Friday, March 18, 2011

The wig

I love this idea of la perruque, from Michel de Certeau’s The Practice of Everyday Life:
La perruque is the worker’s own work disguised as work for his employer. It differs from pilfering in that nothing of material value is stolen. It differs from absenteeism in that the worker is officially on the job. La perruque may be as simple a matter as a secretary’s writing a love letter on ‘company time’ or as complex as a cabinetmaker’s ‘borrowing’ a lathe to make a piece of furniture for his living room. (25)
The book is wonderful, too, and I’m glad to have read it. I learned a lot. But I copied this passage out over a week ago to share with you and something's been making this post really hard to write. At first, I thought it was so exciting an idea: the notion of this kind of mild pilfering we all do at work. Then, too, since the advent of the internet, how much more must go on. Everyone I know pops onto a blog or facebook for fun at work. And I thought, too, of Stevie Smith’s Novel on Yellow Paper, whose entire conceit is une perruque: the speaker, Pompey, is writing a novel on yellow paper so as not to confuse it with the white and blue paper she uses, in the same typewriter, for her secretarial work.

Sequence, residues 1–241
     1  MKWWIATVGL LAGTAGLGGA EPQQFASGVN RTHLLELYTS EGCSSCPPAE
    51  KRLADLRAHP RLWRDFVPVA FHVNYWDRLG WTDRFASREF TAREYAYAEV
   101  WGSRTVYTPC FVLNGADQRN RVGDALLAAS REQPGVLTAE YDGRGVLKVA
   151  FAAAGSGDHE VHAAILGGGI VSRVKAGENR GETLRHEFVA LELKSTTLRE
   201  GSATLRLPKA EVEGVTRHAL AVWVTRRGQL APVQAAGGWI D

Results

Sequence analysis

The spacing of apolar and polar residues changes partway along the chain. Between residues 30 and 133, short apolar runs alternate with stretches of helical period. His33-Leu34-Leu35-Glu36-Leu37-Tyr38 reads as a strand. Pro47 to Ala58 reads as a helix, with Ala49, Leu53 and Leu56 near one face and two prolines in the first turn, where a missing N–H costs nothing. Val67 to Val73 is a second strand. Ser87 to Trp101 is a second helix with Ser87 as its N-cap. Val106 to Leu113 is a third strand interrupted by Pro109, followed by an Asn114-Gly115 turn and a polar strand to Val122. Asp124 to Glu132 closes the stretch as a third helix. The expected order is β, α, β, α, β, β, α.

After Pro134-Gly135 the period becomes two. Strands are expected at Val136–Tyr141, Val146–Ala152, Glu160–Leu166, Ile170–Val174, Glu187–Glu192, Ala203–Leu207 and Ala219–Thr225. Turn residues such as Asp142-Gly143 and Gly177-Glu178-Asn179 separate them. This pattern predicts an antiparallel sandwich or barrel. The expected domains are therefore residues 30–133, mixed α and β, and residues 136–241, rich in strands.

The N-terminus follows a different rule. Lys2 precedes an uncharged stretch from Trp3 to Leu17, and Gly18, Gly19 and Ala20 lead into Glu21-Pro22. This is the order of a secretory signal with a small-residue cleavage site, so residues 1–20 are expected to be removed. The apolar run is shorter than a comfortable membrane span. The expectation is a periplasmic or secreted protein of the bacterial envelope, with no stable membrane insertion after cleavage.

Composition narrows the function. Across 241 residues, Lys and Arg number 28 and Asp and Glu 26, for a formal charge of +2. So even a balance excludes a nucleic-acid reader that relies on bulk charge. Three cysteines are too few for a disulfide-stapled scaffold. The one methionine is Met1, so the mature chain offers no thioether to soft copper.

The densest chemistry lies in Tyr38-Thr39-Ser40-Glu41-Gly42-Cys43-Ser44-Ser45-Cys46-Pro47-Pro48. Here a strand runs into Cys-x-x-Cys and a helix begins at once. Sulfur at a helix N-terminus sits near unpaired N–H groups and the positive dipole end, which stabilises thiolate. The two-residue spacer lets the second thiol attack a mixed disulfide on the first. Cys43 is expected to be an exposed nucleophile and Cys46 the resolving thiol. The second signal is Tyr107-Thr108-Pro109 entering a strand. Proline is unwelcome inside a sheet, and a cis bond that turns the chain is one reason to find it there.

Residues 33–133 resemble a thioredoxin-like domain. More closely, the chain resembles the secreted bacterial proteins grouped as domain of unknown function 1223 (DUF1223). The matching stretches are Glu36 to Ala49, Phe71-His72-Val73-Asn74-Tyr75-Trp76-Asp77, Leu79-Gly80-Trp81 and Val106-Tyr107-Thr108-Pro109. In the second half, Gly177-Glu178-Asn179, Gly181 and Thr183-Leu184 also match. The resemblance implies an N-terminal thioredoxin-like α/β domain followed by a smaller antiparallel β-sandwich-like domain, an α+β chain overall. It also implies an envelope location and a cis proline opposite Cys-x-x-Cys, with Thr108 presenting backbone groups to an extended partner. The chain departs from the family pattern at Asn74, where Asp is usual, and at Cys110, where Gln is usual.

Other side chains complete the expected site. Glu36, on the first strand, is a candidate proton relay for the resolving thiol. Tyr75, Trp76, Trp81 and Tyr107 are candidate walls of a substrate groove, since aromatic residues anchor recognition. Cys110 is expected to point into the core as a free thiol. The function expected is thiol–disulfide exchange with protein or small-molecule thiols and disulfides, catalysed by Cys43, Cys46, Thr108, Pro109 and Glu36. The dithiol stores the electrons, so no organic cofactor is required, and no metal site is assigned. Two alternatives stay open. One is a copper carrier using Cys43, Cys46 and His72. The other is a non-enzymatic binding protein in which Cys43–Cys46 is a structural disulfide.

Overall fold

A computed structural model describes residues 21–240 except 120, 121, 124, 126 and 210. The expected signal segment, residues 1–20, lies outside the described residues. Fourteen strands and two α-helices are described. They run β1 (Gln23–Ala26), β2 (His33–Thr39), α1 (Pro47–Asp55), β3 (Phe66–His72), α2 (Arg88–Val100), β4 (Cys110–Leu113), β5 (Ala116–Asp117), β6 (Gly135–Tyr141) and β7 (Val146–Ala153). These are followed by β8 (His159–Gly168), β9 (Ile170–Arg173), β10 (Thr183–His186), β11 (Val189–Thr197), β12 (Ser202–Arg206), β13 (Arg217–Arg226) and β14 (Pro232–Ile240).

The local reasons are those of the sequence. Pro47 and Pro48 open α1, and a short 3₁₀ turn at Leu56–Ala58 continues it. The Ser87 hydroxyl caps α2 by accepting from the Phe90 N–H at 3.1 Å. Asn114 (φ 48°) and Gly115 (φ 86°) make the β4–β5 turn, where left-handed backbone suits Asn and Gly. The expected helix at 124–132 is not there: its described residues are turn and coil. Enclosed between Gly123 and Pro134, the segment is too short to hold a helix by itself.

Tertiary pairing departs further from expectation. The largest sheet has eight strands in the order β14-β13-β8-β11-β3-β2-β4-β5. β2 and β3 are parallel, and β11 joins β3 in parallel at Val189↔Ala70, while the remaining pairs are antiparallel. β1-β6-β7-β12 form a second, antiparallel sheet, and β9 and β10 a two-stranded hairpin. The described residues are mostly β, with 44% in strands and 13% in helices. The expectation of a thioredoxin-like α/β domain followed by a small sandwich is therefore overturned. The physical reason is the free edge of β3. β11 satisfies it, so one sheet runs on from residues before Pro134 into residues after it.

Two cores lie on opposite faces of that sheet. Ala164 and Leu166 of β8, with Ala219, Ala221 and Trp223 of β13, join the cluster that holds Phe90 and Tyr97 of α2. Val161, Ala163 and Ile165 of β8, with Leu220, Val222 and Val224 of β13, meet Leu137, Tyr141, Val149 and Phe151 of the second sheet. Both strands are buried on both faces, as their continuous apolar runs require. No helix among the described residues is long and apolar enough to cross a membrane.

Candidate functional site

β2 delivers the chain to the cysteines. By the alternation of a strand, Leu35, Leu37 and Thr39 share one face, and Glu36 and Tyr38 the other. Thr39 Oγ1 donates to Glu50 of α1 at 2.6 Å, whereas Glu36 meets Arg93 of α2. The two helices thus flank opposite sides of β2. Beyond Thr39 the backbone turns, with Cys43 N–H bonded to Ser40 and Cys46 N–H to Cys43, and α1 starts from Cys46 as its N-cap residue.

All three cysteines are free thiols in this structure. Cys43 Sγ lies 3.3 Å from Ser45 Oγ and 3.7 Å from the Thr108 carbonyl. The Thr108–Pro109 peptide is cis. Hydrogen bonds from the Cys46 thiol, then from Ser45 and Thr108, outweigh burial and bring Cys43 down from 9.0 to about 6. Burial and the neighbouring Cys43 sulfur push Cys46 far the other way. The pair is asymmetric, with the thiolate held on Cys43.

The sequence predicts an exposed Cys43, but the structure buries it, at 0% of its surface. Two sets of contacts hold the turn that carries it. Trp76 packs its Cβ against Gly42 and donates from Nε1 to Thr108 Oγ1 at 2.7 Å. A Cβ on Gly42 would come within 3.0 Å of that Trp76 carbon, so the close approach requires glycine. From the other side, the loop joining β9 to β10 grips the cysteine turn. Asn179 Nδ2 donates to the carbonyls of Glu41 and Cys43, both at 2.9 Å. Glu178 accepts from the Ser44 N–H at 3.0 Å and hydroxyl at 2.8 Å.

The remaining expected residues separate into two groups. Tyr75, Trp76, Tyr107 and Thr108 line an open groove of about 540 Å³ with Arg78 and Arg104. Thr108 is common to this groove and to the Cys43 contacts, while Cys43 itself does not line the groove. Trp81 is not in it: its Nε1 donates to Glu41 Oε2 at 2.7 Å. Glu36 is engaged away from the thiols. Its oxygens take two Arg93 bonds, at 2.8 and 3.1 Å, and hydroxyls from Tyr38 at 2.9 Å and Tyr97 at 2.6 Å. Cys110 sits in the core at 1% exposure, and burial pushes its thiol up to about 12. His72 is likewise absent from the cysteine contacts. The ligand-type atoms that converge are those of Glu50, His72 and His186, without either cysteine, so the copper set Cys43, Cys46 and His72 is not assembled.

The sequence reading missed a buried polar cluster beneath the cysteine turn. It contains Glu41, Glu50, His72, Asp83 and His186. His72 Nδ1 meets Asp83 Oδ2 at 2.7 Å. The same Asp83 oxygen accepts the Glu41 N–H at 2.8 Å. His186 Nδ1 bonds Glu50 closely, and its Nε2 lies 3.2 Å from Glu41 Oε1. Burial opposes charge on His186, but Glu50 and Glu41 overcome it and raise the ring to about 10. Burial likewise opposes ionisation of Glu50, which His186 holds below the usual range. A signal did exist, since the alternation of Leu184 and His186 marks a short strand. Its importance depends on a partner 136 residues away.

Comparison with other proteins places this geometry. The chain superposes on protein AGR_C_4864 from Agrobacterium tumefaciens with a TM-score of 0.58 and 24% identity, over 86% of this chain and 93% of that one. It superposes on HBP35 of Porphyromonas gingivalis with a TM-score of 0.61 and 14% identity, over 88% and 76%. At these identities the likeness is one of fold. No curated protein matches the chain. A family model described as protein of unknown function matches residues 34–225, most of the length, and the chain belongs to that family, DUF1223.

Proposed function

But, I must say, that quotation is bugging me. Something as small as a love letter or as big as a manly piece of furniture. Really? De Certeau is actually better on gender issues than most of these high flown theorists, but I get bored of pointing out all the unconscious hierarchies being perpetuated all the time everywhere.

Being a feminist is a full-time contact sport, people.

The need to call out all these theorists, all the time, saying “good idea, but you really haven’t thought through the implications for women…” makes me long to write a book that is, from its conception through its execution, feminist to the core.

No comments: